Still, by far the worst candidate on the ballot – in terms of the odiousness of his political platform – was the ultranationalist Vladimir Zhirinovsky, who over the course of his career has advertised his virulent racism (his hatred runs the gamut from Jews and blacks to Chinese, Turks and Caucasians), endorsed the forcible reoccupation of Finland, Poland, Alaska and the Baltic countries (where he thinks Russian nuclear waste should be dumped), and regularly gotten into fistfights with his opponents (sometimes on live television).
If nothing else, the fact that Putin effectively “allowed” only these four gentlemen onto the ballot meant that he felt they would make him look good, both as a democrat and as a politician. Russia is not lacking in leaders with the charisma to take on the man whose first stay as president lasted from 2000 to 2008, it’s just that, as happened to chess champion turned pro-democracy activist Garry Kasparov, measures have been taken over the years to keep them out of mainstream national politics. The question now, as younger and more affluent Russians grow increasingly weary of the tricks of Putin, is what happens next?
According to Leon Aron, director of Russian studies at the American Enterprise Institute, this will be a pyrrhic victory that will further diminish the legitimacy of the Putin regime in the eyes of the ever-growing protest movement. “To be sure,” wrote Aron in the Los Angeles Times, “these protesters are a minority, as the Kremlin is never tired of reminding everyone. But so what? Few, if any, regime changes, let alone revolutions, have been started by the majority. The majority has families to feed and a living to make. It is the younger, the urban, the better educated who have led successful modern revolutions. And recent revolutions have added one critical factor: People who start them are getting uncensored news and opinions from the Internet and social media, not state-controlled television.”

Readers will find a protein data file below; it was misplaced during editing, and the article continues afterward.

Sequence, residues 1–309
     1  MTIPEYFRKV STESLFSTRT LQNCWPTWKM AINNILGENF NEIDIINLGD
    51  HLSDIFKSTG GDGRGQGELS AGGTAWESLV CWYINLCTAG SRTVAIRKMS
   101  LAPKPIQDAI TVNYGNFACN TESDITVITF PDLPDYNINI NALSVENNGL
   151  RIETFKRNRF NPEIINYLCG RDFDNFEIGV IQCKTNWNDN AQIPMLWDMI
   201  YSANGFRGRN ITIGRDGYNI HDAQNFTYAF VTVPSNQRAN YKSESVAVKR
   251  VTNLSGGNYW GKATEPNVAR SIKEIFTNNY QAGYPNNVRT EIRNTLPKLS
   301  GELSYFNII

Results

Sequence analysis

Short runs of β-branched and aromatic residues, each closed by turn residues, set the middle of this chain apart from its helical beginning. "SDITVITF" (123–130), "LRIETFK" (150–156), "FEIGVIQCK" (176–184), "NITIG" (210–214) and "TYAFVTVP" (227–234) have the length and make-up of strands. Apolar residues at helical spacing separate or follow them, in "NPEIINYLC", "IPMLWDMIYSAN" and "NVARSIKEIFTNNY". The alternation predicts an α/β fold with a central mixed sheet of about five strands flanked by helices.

Is it far-fetched to suggest that the lessons of the Arab Spring can spread as far east as Russia? Maybe not – 2011 showed that, in modern politics, “impossible” is no longer an applicable term. DM
Photo: Supporters of Russia’s current Prime Minister and presidential candidate Vladimir Putin wave flags during a raly in his support in Manezhnaya Square near the Kremlin in central Moscow. Putin won a resounding victory in Russia’s presidential election on Sunday, exit polls showed, securing a new six-year term in the Kremlin and a mandate to deal with opposition protests after a vote that opponents said was marred by fraud. REUTERS/Mikhail Voskresensky.